The Wrestling 101 is something I’ve always wanted but never knew who to ask for.

I’ve been watching wrestling for more than two decades, but there’s always been more great wrestling than I’ve had time to watch. And while there are certainly plenty of “best of” lists I could find online to help me separate the all-time classics from the matches that are merely great, many of these lists are centered around WWE and very few of them provide the sort of context I’d need to really appreciate what I’m watching—particularly when a match has commentary is in a language I don’t speak.

So when I saw that the most trusted name in pro wrestling discourse was putting together a list of the absolute canonical wrestling matches from across time and space, and they were going to provide additional information to help me understand the relevant backstory and historical import of each match, I was thrilled. So thrilled, in fact, that I decided to watch every single one and write my own little review—first inside a Google Doc that I shared on my locked Twitter account and now right here under the bright lights of the Voices of Wrestling website.

I like to think of this project as a sort of travelogue of my journey through the 101 essential pro wrestling matches, as selected by the experts at Voices of Wrestling. This is my first entry, and I hope you’ll get something out of it.

The Wrestling 101 – Match #1
Kenta Kobashi vs. Kensuke Sasaki 
July 18, 2005
Pro Wrestling NOAH
Tokyo Dome

The Wrestling 101 Write-Up

I haven’t seen much of the golden age mid-aughts NOAH stuff, but I’ve loved everything I’ve seen, I think even more than what I’ve seen of the golden age 90s All Japan period that preceded it. So I guess it makes sense that I thought this match fucking ripped.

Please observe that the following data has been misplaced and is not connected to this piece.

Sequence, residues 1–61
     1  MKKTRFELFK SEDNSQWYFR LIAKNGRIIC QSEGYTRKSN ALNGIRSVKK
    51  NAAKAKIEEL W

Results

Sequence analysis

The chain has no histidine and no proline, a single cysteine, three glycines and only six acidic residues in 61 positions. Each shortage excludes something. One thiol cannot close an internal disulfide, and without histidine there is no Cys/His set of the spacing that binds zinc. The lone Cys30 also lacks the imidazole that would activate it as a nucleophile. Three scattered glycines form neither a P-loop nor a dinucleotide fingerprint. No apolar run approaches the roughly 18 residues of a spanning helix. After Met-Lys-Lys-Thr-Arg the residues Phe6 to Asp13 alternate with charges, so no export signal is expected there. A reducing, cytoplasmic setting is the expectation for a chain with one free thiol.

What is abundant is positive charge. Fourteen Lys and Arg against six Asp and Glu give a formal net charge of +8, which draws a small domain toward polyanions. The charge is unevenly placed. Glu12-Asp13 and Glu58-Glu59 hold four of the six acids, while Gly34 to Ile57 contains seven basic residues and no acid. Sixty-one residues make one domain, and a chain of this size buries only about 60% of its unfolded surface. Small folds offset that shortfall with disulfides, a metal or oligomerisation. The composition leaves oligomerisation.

I think what I loved most about it was the pacing. It was a lot of big bursts of high-impact offense followed by well-earned pauses for recovery or struggles for control, which gives you the best of both worlds. You get some “holyshitohmygod!!!!” sequences followed by the processing time your brain needs to integrate these rapid-fire events into a narrative about the match you’re watching. Most of the pauses were accompanied by waves of increasingly apeshit hooting and hollering from the molten-hot Tokyo Dome crowd, which kept my attention throughout all the recovery sections.

The second best thing about the match was Kenta Kobashi’s facial expressions. When Sasaki has him hooked for a tiger suplex or in some kind of arm submission late in the match, my man looks like he is just absolutely fighting for his life. How can you not feel this guy’s feelings when he’s making these kinds of faces? When a bloody Kobashi gained an advantage late in the match and started pumping the crowd up to help him finish the job, I got a second-hand adrenaline rush that made me want to…idk whatever you do when you get a big adrenaline rush. Lift a car? Run through a wall? Fire off a really mean tweet? I don’t know, but I was HYPE.

The third best thing about the match was the immensely satisfying sensory experience of two big, beefy men repeatedly ramming their bodies into each other with great force. The thwack of forearm against chest! The sweat ricocheting through the air! The expressions of agony and ecstasy flashing across each man’s face with each successive chop! It’s primal and violent and unavoidably erotic, and you really just can’t beat it.

All of this combined to create a match that just totally, completely sucked me into its drama.

At one point late in the match, it looked like one of the wrestlers was about to get counted out for being outside the ring too long, and I really did believe that it might be the finish—and a satisfying one, at that. When you forget that you’re watching a 17-year-old, scripted performance with a predetermined finish and just totally believe everything you’re seeing, hearing, and feeling in the moment? That, right there, is the primo, top-shelf, good shit that makes you wake up the next morning and think, “Damn, pro wrestling is fucking sick.”

Follow The Wrestling 101 Project at Voices of Wrestling